From the classroom to the studio: Deptford High’s jazz director Carl Cox to release first full-length album

Cox has deep roots in the industry, with ties from Jay-Z to Smokey Robinson. Now, he can add another accolade to the list; his first full-length album.

Deptford High School’s Director of Jazz Studies Carl Cox poses for a picture with his saxophone at his home studio.

Carl Cox, director of jazz studies at Deptford High School has deep roots in the music industry, with ties from Jay-Z to Smokey Robinson. Now, he can add another accolade to the list – his first full-length album.

He has collaborated with his old University of the Arts college music professor and longtime friend, Dave Hartl, to co-write and create the album “Musical Collusion.” 

The band, called Guilty As Charged, includes Cox on the tenor saxophone, Hartl on the piano and organ, Andy Lalasis on the bass and Josh Orlando on the drums. 

With all his years of touring, spending time in recording studios and teaching, it dawned on him during the summer of last year that he never made his own album. So he called Hartl to discuss the concept, and in an hour, they planned out the album in a coffee shop in Philadelphia. 

Over the next several months, they sent each other improvised versions of their own melodies and grooves, emailing recordings back and forth, adding where the other left off, to finally create 10 finished songs. It was a collision of ideas, or what Cox describes as collusion of ideas, hence the album name. 

“It was seamless. Working with Dave has been amazing. What he can come up with harmonically and what I can come up with melodically, it was like a perfect scenario,” said Cox.  

The album was recorded in just two days, with only two takes per song. Listeners will hear an improv of funk fusion, Cox’s favorite genre, a combination of funk and jazz music, laced with the sway of organs and scattered drums. A video recording was taken during the whole session so that listeners can also see the process. The video and the album are scheduled to release on Labor Day on USB and CD. 

“Funk fusion is starting to come back, and I present that to my students at Deptford. So I figured, I love this music, let’s come up with something of my own,” said Cox.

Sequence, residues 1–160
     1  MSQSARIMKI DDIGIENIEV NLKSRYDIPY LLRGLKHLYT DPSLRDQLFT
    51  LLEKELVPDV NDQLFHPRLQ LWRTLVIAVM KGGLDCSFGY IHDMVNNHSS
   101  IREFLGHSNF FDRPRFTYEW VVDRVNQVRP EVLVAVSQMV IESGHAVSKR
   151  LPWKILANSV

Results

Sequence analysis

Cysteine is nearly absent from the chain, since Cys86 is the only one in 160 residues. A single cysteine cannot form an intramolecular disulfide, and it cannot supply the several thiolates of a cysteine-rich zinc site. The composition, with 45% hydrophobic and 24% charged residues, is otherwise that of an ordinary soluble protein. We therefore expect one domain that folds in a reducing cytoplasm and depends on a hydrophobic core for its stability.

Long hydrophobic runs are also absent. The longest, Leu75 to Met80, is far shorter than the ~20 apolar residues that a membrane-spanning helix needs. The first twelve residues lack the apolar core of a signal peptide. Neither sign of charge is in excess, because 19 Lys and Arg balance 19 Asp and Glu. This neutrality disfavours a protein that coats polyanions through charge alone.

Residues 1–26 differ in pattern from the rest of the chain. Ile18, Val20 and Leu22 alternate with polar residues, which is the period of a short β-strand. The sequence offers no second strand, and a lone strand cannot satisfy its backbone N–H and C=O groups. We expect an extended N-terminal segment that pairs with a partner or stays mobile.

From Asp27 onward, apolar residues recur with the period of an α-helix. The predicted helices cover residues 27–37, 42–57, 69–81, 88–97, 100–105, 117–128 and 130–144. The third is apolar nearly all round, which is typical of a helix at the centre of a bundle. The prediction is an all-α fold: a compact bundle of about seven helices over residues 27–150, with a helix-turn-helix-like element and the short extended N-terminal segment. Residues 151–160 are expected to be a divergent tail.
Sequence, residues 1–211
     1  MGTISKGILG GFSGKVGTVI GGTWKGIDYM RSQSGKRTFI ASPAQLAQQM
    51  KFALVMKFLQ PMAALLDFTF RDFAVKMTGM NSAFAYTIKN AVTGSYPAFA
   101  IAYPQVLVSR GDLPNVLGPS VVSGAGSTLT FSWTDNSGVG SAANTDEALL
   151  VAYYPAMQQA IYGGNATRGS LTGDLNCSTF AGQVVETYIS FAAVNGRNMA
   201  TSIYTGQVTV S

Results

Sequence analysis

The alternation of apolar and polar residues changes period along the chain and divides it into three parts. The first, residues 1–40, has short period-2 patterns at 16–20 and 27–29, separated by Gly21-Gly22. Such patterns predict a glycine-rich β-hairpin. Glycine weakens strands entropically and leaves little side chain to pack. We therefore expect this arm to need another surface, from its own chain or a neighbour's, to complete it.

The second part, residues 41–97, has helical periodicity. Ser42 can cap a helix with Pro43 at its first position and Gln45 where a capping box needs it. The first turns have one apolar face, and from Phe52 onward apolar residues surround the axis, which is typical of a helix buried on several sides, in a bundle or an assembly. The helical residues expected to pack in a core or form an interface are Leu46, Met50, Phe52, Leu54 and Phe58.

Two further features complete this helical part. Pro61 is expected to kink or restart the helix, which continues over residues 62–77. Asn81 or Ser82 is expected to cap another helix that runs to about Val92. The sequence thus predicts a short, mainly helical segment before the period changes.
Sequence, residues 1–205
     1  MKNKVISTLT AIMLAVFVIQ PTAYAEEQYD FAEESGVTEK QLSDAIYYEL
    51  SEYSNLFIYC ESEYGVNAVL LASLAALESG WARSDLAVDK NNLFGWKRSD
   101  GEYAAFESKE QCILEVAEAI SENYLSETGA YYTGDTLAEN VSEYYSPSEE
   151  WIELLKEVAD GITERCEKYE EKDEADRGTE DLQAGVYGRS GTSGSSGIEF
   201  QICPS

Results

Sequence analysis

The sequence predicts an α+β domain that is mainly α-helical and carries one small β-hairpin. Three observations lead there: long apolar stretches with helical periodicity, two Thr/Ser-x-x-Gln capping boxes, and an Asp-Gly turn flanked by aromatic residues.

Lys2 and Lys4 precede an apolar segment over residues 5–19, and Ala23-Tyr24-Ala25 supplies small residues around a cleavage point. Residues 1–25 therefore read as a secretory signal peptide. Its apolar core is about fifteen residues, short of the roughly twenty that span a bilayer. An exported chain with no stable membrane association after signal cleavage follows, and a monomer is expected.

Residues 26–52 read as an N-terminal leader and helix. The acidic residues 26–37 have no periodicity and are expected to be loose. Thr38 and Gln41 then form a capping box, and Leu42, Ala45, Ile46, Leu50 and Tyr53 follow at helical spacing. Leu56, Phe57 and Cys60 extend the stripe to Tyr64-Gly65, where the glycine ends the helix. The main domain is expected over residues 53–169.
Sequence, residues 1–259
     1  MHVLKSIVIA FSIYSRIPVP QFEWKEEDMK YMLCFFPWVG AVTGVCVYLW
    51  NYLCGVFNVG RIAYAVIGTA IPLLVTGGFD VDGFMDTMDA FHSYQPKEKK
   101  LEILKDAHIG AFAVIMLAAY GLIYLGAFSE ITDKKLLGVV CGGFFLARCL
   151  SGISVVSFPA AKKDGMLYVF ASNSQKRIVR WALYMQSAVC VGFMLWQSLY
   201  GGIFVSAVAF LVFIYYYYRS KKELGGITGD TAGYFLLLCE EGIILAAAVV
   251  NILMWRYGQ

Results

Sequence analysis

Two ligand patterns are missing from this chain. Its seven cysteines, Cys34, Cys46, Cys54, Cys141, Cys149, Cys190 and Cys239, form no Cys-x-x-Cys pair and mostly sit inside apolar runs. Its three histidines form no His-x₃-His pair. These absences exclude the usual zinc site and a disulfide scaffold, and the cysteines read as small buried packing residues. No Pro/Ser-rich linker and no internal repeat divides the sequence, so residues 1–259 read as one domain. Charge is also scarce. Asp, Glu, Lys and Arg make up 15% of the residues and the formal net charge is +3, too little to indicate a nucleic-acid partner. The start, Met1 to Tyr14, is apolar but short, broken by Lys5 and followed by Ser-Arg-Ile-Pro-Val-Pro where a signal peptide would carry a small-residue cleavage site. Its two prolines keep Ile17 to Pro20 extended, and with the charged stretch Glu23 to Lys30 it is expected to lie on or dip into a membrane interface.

In his nearly 15 years at Deptford High School, he’s taught his music students about the great musicians and artists to look up to. It just so happens that Cox has probably worked with those same people, by either touring with them or landed a spot on their album.

Take Smokey Robinson for example, or Jay-Z. Or how about the Roots, the band that plays on the “Tonight Show Starring Jimmy Fallon?” 

He’s played with them all. In fact, Cox made a sit-down interview video with Robinson to give his students a few lessons on what makes a musical star. It was directed for the students at Deptford. With the legendary status of Robinson, it could have been addressed to every aspiring music student all over the world, but it was for those kids in Deptford. 

But that’s nothing new for Cox. He is touring almost every other week, all over the country, playing with some of the best musicians, and yet he comes back to Deptford in time for the school week to give his students the most invaluable lesson – experience.

For Cox, this album is as much for him as it is for his aspiring students, or even hobby musicians for that matter, that, yes, you can still work on your passion, no matter how old you are or how dusty your instrument is from being stored away.  

“You do it because you love it, not because you’re forced to do it. I want them to realize; I’m a teacher but I’m also a musician, and I’m still pushing forward with my own creative outlets. You don’t want to stop that. By creating a CD and creating my own stuff, they get to see firsthand that this is something that’s possible,” said Cox. 

Listeners can find more information about where to purchase the album, concert dates and video recordings on Youtube and Facebook under the band’s name. 

Pictured is the album cover for “Musical Collusion.” Cox says that he and the group try not to take themselves too seriously when it comes to band names and images. (Photo courtesy of Carl Cox)